One of the other ways this term can be used is in an example where the need to illustrate the conditions in which a person is born is necessary. Rather than it having paternal connotation, it can be used to describe a person’s natural birth into this world into sin, since we are all born with sin nature, as well as being used to describe a second birth in God through the putting of one’s faith in Jesus Christ. The writings of the Apostle John probably include the most uses of the word in this way, and a perfect example can be shown in John 9:34, “”You,” they replied, “were wholly begotten and born in sin, and do *you* teach *us*?” And they put him out of the synagogue” (John 9:34 WEY). Here, the father is not mentioned, and a paternal link is not established, but rather, the term is only used to describe the situation and conditions that the subject was born into. The Pharisees who are speaking, who consider themselves more righteous than the blind man they are speaking to, are doubting the validity of the blind man’s statements about his healing by Jesus by referring to the fact that he was born in sin in a derogatory way. John, who fully understood that accepting Jesus creates a new birth, or causes the recipient of Jesus to be “born again”, hence changing the conditions in which a person is born in, wrote in this manner many times. Consider 1 John 3:9 where he writes, “Whosoever is begotten of God doeth no sin, because his seed abideth in him: and he cannot sin, because he is begotten of God.” (1 John 3:9). This verse uses the term begotten in a similar way as the verse from the Gospel of John previously mentioned, in that it uses it to describe the conditions in which the person is being born. The first referring to a natural birth where the blind man was being born in sin, as we all are, and the second verse from 1 John referring to the new birth when a person is born again in the Spirit, as described in John 3:3-7, and becomes a child of God.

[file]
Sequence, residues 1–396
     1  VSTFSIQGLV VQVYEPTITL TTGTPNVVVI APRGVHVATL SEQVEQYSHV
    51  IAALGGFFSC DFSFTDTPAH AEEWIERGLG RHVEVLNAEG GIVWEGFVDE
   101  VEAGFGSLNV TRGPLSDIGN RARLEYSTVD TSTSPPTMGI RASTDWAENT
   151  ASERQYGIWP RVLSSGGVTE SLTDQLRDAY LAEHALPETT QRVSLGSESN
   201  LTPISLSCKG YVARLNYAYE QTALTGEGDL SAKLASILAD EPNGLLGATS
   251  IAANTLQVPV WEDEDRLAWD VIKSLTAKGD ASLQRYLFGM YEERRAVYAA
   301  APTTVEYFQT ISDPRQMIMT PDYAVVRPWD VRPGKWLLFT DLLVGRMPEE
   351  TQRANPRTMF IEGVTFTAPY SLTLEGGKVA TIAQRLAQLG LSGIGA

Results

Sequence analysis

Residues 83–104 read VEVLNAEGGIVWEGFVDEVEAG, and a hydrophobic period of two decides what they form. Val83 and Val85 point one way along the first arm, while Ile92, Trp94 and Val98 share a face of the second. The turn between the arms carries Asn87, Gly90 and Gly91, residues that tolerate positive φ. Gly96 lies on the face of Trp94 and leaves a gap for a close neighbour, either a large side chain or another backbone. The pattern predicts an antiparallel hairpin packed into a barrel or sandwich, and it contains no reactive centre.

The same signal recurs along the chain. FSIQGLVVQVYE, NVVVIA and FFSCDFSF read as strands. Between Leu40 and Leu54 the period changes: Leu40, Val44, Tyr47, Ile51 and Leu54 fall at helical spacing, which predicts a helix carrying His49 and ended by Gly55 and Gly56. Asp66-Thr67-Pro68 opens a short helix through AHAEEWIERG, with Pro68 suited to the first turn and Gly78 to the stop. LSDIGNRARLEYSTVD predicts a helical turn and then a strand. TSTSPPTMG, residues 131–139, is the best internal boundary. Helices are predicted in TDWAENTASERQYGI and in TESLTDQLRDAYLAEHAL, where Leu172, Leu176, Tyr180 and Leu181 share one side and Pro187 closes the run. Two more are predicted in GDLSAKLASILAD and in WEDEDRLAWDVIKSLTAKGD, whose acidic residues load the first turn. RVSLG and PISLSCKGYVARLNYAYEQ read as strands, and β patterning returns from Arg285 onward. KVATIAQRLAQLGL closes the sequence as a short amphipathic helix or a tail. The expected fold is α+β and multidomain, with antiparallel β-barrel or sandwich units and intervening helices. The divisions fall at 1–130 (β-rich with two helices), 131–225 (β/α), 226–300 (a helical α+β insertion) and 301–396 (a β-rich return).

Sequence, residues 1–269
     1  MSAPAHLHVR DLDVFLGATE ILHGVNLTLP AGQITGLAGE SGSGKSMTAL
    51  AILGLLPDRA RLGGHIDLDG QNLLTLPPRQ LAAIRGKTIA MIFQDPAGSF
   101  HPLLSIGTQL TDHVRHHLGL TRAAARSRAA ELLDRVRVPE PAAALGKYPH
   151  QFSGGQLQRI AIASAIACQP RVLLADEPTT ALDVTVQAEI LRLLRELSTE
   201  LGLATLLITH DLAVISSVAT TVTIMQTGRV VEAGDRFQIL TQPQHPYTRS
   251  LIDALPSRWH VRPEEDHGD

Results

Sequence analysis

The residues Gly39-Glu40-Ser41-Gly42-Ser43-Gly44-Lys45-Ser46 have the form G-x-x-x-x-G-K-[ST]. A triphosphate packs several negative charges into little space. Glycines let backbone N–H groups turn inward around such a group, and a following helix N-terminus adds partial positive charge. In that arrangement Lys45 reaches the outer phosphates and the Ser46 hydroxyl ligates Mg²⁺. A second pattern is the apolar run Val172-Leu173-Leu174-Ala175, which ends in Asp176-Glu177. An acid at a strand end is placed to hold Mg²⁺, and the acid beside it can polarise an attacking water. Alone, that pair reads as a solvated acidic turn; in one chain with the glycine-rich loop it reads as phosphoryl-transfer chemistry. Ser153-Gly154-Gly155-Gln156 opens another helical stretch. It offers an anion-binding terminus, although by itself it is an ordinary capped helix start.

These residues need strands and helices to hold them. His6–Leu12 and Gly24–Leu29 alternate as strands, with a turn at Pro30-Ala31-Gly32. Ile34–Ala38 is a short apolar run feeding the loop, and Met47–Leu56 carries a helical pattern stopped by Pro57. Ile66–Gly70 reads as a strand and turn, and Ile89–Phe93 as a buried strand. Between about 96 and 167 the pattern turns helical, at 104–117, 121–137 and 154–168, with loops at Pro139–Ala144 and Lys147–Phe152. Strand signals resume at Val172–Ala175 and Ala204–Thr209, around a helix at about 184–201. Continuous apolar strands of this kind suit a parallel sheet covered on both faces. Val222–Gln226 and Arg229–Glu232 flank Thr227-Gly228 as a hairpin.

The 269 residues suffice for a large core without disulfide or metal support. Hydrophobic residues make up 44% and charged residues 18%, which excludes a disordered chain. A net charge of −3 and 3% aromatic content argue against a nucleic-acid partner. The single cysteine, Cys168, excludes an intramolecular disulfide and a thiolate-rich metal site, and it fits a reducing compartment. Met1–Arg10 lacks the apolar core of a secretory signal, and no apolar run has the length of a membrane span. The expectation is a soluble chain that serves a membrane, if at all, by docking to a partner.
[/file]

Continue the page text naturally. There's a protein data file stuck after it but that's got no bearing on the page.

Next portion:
Most notably, the term begotten is used referring to Jesus as the son of God. Previously I mentioned a verse that refers to Jesus as the begotten son of Joseph, which is true in that he was his earthly son, but Jesus was also the son of God in that he was conceived of the Holy Spirit. This causes the term to be used in new ways, as well as using it in common ways with paternal connotation, but with that connotation referring to God the father, rather than a human father. In Acts 13:33, in reference to Psalm 2:7, it is written, “God hath fulfilled the same unto us their children, in that he hath raised up Jesus again; as it is also written in the second psalm, Thou art my Son, this day have I begotten thee.” (Acts 13:33 KJV), and the New International Version translates the last part in this way “You are my son; today I have become your Father.”. This obviously does not refer to a natural birth, like how it is usually used, but rather, emphasizes that God the Father chooses for himself a son. When someone is born in the Spirit, they become a child of God, hence, the same term “begotten” can be used to describe, not sonship to an earthly father as in a natural birth, but sonship to God.